Wednesday, February 16, 2005

CBS, Sex Education, and Porn

Drudge highlighted a story on the imminent outbreak of open warfare at CBS over the blame placed on selected executives for the use of forged documents in a story attacking the President. The New York Observer article is long and interesting, with a lot of detail on who did what to whom.

The report again indicates weaknesses in the CBS internal investigation, including the fact that there were no recordings or other verbatim records of interviews with CBS personnel.

As it turns out, the three executives asked to resign by CBS after the report of the investigation was published are still at work. Seems that as the old mainstream media suffers its death throes, some of its denizens refuse to "go gentle into that good night," in the words of Dylan Thomas, preferring to "rage, rage against the dying of the light." Josh Howard, in particular, seems primed to file a lawsuit as he struggles to survive.

The elephant in the room, of course, is Dan Rather. The pattern of not mentioning him very much continues. However, it doesn't take a lot of imagination to understand that this iconic superstar and his trusty sidekick, Mary Mapes, rammed the story through the CBS system.

The chickens have indeed come home to roost at Black Rock. And it's about time.

* * *

Nicholas Kristof took on the issue of "abstinence only" sex education today in his New York Times column. He characterized Administration policy as "a sex scandal in the heart of the Bush administration."

To get federal funds, for example, abstinence-only programs are typically barred by law from discussing condoms or other forms of contraception--except to describe how they can fail. So kids in these programs go all through high school without learning anything but abstinence, even though more than 60 percent of American teenagers have sex before age 18. ...

Other developed countries focus much more on contraception. The upshot is that while teenagers in the U.S. have about as much sexual activity as teenagers in Canada or Europe, Americans girls are four times as likely as German girls to become pregnant, almost five times as likely as French girls to have a baby, and more than seven times as likely as Dutch girls to have an abortion. Young Americans are five times as likely to have H.I.V. as young Germans, and teenagers' gonorrhea rate is 70 times higher in the U.S. than in the Netherlands or France. ...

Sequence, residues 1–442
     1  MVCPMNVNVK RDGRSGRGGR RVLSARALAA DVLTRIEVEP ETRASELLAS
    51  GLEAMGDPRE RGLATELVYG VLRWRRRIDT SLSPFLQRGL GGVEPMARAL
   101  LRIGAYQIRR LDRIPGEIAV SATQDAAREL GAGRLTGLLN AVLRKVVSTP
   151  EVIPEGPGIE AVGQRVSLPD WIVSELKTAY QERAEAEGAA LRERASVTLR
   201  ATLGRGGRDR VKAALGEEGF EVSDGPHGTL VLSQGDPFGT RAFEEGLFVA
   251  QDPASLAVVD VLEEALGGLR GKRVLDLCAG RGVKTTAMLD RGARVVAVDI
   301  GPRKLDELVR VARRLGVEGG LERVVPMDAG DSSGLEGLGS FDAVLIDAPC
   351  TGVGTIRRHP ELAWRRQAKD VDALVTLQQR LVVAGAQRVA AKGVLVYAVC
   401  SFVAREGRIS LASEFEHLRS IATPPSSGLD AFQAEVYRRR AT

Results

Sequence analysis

...there's plenty of evidence that abstinence-plus programs--which encourage abstinence but also teach contraception--delay sex and increase the use of contraception. So, at a time when we're cutting school and health programs, why should we pour additional tax money into abstinence-only initiatives, which are likely to lead to more pregnancies, more abortions and more kids with AIDS? Now, that's a scandal.

Kristof is right on the mark. This is a perfect example of religious ideology overtaking sound policy.

* * *

In the Washington Post, Richard Cohen wrote about a documentary film called "Inside Deep Throat." When I saw the headline, political junkie that I am, I headed straight for it. I expected to see something more about who "Deep Throat" of Watergate fame may have been. But no. This is a documentary about the making of the porn movie "Deep Throat."

So I read it anyway. I mean, after all, I was already there. So why not?

I won't pay to see this particular documentary, unless it's a forced choice between it and "Fahrenheit 911." However, Cohen's column is interesting and a good read. Quote:

What is repellent about pornography, we are always told, is that it depicts sex unconnected from love. And what is repellent about celebrity is that it often represents fame unconnected to achievement. People want to be famous. They do not necessarily have to be famous for something--although that is always to be preferred--but no matter what, they want to be famous. Fame provides meaning, supposedly, to meaningless lives. Fame is rocket fuel--VROOM! and you're up and over the mundane--and because this is America it will make you rich and therefore happy, or so it is almost universally believed.

However, the stars, Linda Lovelace and Harry Reems, didn't fare so well:

Lovelace thought she had struck it rich and so did Reems, who got $250 for the movie. They were incredibly famous, more famous maybe than the next "American Idol" or the worm-eater on some reality show or the cop who gets up at 2 in the morning in the West to briefly appear on the "Today" show in the East. Reems and Lovelace thought that Big Things would follow--they say so in the film--but what followed was ignominy and poverty, a celebrity so hollow it nearly consumed them both.


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